Julianna loves cats of all shapes and sizes, and recently she was adopted by a feline companion named Merlin. Like his namesake, Merlin is an alchemist—she says he can transform the house into a disaster area in nothing flat. And since he shares the premises with a writer, it’s interesting to note that he’s particularly fond of knocking books on the floor.
Julianna happily reports meeting her Mr. Right. Together they are working on a new dream of building a shoreline home in the Great Lakes area.
“I’m sorry, you can’t go in.”
Dylan O’Rourke heard his secretary’s protest a split second before the door opened. He spun his chair around, prepared to deal with an insistent client, and saw Kate Douglas instead.
She smiled. “Hey, Dylan.”
“What do you want?”
With Kate it was wise to cut to the chase. When they were kids he’d had an annoying habit of being unable to say “no” to the lady—like the time she’d gotten him to help her run away from home. He still remembered his father’s blistering lecture over that particular stunt. After that Dylan had nicknamed her “Katydid,” to remind himself that he didn’t have to do everything that Kate did.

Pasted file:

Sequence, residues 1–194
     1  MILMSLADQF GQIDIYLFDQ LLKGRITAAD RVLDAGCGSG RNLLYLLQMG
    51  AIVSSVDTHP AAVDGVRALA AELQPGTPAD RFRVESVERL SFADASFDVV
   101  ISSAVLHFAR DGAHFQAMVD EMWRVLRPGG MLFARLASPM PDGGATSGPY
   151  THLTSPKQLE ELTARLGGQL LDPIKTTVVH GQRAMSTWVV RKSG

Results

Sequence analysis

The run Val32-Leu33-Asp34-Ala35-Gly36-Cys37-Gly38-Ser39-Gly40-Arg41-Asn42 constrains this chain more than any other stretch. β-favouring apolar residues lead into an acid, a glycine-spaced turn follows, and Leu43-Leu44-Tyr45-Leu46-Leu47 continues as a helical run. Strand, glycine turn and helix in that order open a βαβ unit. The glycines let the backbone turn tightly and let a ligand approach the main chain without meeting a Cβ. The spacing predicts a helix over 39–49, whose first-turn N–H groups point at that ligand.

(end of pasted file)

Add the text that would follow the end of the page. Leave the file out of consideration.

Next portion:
“Right now I want to sit down.”
Kate sank onto the couch and crossed her legs. Her long gold hair matched the earrings and the gold chain around her neck, and she wore a white silk dress, white silk hose and a pair of white leather sandals…an outfit that probably cost more than his first car.
White, in a construction office.
Dylan shook his head, yet he couldn’t help grinning at the same time. Common dirt wouldn’t dare stick to someone with Katrina Douglas’s kind of old money—gold dust, maybe, but never just plain dirt.
“It’s good to see you,” Kate said softly.
“Same here.” And he meant it. Kate might be a spoiled rich kid, but she was bright and full of fun…and she could wheedle a glass of water from a man lost in the desert.
Of course, he was older now, and not nearly so susceptible. He usually got stuck with buying tickets to some god-awful charity event when she stopped by to see him, but he’d refused other stuff. Like the time she’d wanted to auction him as a bachelor at one of her fund-raisers. Dylan shuddered at the memory. He was willing to escort her now and then to a party, but get auctioned?
Not a chance.
“What is it, Kate?” he asked, determined to get right to the heart of the matter. “Another fund-raiser? I’ll donate, but I’m not coming.”
“No, it isn’t another fund-raiser. Though it was mean of you not to show up at the last one. You were supposed to be my date.”
“No, I wasn’t. I told you I couldn’t go to that one, you just didn’t listen.”
She didn’t look convinced. “There I was, all alone,” she said. “It was terrible—it’s humiliating to be the only woman without an escort.”
Dylan almost fell into the trap before he caught the sparkle in her green eyes. “Brat,” he muttered.
“So, why couldn’t you come?”
“I was busy. And I’m tired of dry sandwiches with the crusts cut off.”